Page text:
While most of us are relishing the long weekend because of the Independence Day holiday, let's also not forget the real essence of the date June 12.
A given fact, most—if not all—nations had to go through revolutions and bloodshed before claiming full sovereignty. In our case, there had already been two years of local uprising against the Spanish reign when the Philippines' first declaration of freedom happened in Kawit, Cavite. Death toll was still unmeasured during that time and people who gave their lives for that cause had dismally gone down as just collateral damage in history books.
In light of this, FHM came up with a list of movies about people fighting for freedom that had considerable figures in the kills department, with the help of Movie Body Counts.com, a website tallying every single on-screen casualty.
Are you up for the bloodiest movie marathon ever? Sugod sa sofa, mga kapatid!
LETTERS FROM IWO JIMA (2006)
Video via M K M Ishihara
This Clint Eastwood-helmed film about Japanese-American hostilities may not have the numbers to stack up to the other movies in this list, but in terms of storyline and ways to die, Letters From Iwo Jima certainly stands among the best. It may have all the necessary, deadly elements of a war film—raids, skirmishes, and ambushes—but ultimately, its suicide sequence could perhaps be the most scarring. (Not really for the weak-hearted.)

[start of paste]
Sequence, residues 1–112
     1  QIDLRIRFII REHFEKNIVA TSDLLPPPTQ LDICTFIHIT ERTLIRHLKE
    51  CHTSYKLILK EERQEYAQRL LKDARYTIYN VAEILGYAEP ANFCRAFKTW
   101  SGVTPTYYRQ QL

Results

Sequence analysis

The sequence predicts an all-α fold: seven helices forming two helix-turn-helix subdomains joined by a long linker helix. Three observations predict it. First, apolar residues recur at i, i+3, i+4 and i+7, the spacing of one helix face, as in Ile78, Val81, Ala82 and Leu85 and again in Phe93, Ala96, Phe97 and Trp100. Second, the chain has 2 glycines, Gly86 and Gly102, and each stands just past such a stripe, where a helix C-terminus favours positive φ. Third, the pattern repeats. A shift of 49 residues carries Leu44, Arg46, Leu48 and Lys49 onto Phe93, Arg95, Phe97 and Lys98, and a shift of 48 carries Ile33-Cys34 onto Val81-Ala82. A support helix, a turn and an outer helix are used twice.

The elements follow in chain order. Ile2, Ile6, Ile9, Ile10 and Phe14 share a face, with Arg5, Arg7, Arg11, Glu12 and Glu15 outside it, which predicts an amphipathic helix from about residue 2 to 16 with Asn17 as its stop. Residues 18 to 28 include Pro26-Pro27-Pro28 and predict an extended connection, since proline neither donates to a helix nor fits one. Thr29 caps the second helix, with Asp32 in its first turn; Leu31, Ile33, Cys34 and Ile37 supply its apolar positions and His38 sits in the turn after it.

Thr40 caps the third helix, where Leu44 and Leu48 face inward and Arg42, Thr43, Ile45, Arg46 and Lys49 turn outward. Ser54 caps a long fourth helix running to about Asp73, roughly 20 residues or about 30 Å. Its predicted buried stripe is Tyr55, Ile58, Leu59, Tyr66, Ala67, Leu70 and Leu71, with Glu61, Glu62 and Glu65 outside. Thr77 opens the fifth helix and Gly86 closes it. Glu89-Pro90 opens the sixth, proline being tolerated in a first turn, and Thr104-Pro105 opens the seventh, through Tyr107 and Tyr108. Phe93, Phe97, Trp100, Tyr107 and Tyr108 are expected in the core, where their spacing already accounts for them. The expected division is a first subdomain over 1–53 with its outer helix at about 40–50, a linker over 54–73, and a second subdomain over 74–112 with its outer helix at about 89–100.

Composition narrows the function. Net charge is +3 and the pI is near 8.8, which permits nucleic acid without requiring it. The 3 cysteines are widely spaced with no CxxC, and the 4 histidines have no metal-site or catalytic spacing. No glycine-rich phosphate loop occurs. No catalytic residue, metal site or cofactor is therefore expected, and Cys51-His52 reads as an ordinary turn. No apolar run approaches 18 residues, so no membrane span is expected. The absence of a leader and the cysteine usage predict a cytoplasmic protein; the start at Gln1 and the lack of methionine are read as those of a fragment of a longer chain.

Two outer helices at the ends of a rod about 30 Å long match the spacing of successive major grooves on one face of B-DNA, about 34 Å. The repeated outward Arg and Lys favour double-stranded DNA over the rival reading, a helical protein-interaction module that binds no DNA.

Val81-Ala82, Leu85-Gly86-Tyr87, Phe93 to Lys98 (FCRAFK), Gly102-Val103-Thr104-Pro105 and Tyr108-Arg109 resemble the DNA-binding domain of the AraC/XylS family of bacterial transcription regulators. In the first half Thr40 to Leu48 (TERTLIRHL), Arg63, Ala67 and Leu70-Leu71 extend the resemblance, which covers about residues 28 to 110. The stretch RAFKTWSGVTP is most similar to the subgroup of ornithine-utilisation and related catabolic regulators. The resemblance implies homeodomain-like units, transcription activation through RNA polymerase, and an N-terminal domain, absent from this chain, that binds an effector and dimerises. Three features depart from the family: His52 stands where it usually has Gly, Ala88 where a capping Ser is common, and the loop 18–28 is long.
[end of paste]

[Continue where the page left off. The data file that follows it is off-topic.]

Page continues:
Body count: 84
Video via Paramount Movies
Not too long ago, Mel Gibson had donned some war paint and starred in a medieval biopic based on Blind Harry's poem The Wallace about Scottish freedom fighter William Wallace. The film's landmark scene—The Battle of Stirling—resulted in a victory for the Scots over the English, a bloody Gibson face, and countless dead horses. Will we be witnessing an increase in casualties in the upcoming "unofficial sequel," starring Tom Hiddleston?
Body count: 184
Video via MOVIECLIPS Classic Trailers
Long before he had a not-so-expendable crew, Sly Stallone had been flying solo under this moniker, which also reminded Filipinos of an archaic slipper brand. (Which came first? The flip-flops or the action movie hero?) Although four movies have already been made about the Vietnam War vet, Rambo's finest on-screen killing spree came in the last, 26 years after the first movie, First Blood, was shown.
Body count: 247
SAVING PRIVATE RYAN (1998)
Video via thecultbox
Few films have the distinction of being able to leave an impression with its opening scene, and this war drama is unarguably one of those. Just the fact that director Steven Spielberg more than nailed the portrayal of the Omaha Beach assault, which until now is widely regarded as the most realistic representation of war, says it all.
Body count: 255
WE WERE SOLDIERS (2002)
Video via Paramount Movies
Another Gibson sighting; The controversial director-slash-trailer-bomber puts himself in the shoes of a US army lieutenant colonel (Hal Moore) leading a platoon at the Battle of la Drang. At the end of the movie, Moore is credited for the death of over 1,800 Vietnamese troops. But why only 305 according to MovieBodyCounts? That we do not know... Or maybe because 1,800 is just plain unrealistic even for a two-hour film.